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Communications Guidelines for Meetings with Deafblind Members

It is crucial for members of a group to understand why the following communication guidelines are so important when one or more of the members are DeafBlind. Sight and hearing are our two distinct senses and when either or both are limited, communication does not flow as freely. Being in a group setting makes communication even more of a challenge.

DeafBlind persons are often left behind or left out of discussions when a hearing group does not take the time to ensure full participation. It is important to have established communication rules or guidelines that ensures all participants have equal access during all portions of meetings.

The following guidelines are suggestions to assist with communications between members of your meeting or group and will help the conversation flow better in person, virtually or in hybrid situations. The top suggestion is to assign a communication facilitator for your meeting. This person can be a member of the meeting however his or her role is to ensure that all members are following the rules of inclusion during the meeting. The facilitator will ensure that all participants have access to what is being shared.

  1. When introducing yourself or group members and when speaking to the group, take your time and speak slightly slower than normal.
    1. This is especially important when explaining items you are describing in great detail.
    2. If you have an unusual name, spell it after saying it as the interpreter must fingerspell proper names.
    3. If you have a name sign, indicate that as well.
    4. Take a 2-3 second pause between group members or speakers. This allows the interpreter to catch up and let the DeafBlind person know that the next group member or speaker is about to introduce him/herself.
  2. Each person should raise their hand and wait for the facilitator to call on them. This gives the deafblind person or their interpreter a moment to locate the person.
  3. Identify yourself prior to speaking ("This is Joan speaking…"), and direct your communication to the DeafBlind person, not his/her interpreter. This also helps the interpreter if he/she does not know the names of all participants or cannot easily see name tags.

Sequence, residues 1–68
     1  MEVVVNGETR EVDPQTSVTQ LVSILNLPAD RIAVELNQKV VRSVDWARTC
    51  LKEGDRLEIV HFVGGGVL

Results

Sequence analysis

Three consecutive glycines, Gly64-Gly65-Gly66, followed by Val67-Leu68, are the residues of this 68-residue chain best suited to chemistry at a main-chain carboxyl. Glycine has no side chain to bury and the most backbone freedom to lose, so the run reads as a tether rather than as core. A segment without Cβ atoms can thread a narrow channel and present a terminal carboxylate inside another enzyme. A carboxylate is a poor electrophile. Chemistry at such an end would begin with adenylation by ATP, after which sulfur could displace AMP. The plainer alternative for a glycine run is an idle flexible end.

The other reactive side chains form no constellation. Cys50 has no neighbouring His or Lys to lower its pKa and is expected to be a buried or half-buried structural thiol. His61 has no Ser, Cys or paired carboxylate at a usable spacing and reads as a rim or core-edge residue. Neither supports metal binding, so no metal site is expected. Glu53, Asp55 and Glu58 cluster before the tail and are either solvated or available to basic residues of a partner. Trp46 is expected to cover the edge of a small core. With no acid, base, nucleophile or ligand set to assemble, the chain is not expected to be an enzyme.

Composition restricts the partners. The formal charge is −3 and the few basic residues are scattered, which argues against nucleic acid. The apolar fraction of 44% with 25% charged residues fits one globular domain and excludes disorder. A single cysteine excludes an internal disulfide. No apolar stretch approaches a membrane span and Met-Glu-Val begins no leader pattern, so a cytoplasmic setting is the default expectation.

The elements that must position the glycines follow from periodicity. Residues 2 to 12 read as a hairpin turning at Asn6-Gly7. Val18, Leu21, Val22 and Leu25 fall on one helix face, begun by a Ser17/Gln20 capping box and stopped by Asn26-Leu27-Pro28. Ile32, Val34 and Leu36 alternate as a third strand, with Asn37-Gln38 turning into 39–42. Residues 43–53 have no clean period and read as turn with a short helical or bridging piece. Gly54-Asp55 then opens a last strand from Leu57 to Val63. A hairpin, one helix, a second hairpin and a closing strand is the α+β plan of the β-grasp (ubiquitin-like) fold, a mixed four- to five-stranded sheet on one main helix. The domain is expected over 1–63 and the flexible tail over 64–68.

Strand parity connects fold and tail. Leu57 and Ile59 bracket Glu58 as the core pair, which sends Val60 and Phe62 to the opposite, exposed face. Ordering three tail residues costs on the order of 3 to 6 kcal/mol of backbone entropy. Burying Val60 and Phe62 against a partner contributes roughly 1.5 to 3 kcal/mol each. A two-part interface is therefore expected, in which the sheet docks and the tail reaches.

4. Be sure to allow time for the interpreters to keep up with the conversation as well as time for them to switch every 20 minutes.
  5. Taking turns during discussions is critical! Remember An interpreter can only interpret for one person at a time. During an intense conversation or heated discussion for hearing people things move quickly. When using interpreters, the interpreter can only interpret for one person at a time. The conversation must move slowly allowing the interpreter to keep up with the conversation. By doing so it will allow the interpreter to follow along with the conversation and keep clear who said what.
  6. Realize that there is a slight delay between the spoken or signed communication and the interpretation. Be patient the conversation will move at a slower pace. Make sure the DeafBlind member has finished speaking before jumping in with the next comment.
  7. 'Processing time' is when the interpreter is processing the message from one language to another. Be mindful to make sure the interpreter has completed the interpreted message before jumping in with the next comment. Remember ASL is not a word for word translation and additional time is required to include visual and environmental information.
  8. When comments or feedback are requested, or if a question or vote is posed to the group, leave enough time for the interpretation to be completed and the DeafBlind person to have a chance to respond.

For example, often time votes on motions are made and by the time the DeafBlind person gets the call to vote, the motion has already been determined passed or failed. In addition, because the DeafBlind person cannot see people's hands raised or hear a voice vote, the interpreter must indicate the vote of each person by name. This will take longer than a visual count of hands.


When referring to print or electronic information, whether by handout or PowerPoint presentation be sure that any meeting documents meet the accessibility requirements. Providing the documents to the members of the meetings, interpreters, and CART if they are attending ahead of time is extremely helpful. When referring to the documents avoid pointing or the use of "this" or "that".

The interpreter is likely not able to see what you are referring to, so they cannot convey the information accurately to the DeafBlind person. It is preferred that you describe specifically what you are referring to ("please look at the first sentence in the 3rd paragraph" or "click on the 2nd tab from the left that says FOLDER"). This is generally helpful to everyone in the group, not just the interpreter and the DeafBlind member.

Virtual Meetings or Hybrid Meetings

Use the raise hand feature

CART – services will need to be ordered prior to the meeting. The host will need to assign the CART person to be the close captioner prior to the meeting beginning.
Interpreters – will need to be ordered prior to the meeting. Interpreters will need to be made co-host.

On a virtual meeting interpreters should be given co-host rights so they can be pinned and use the spotlight function.

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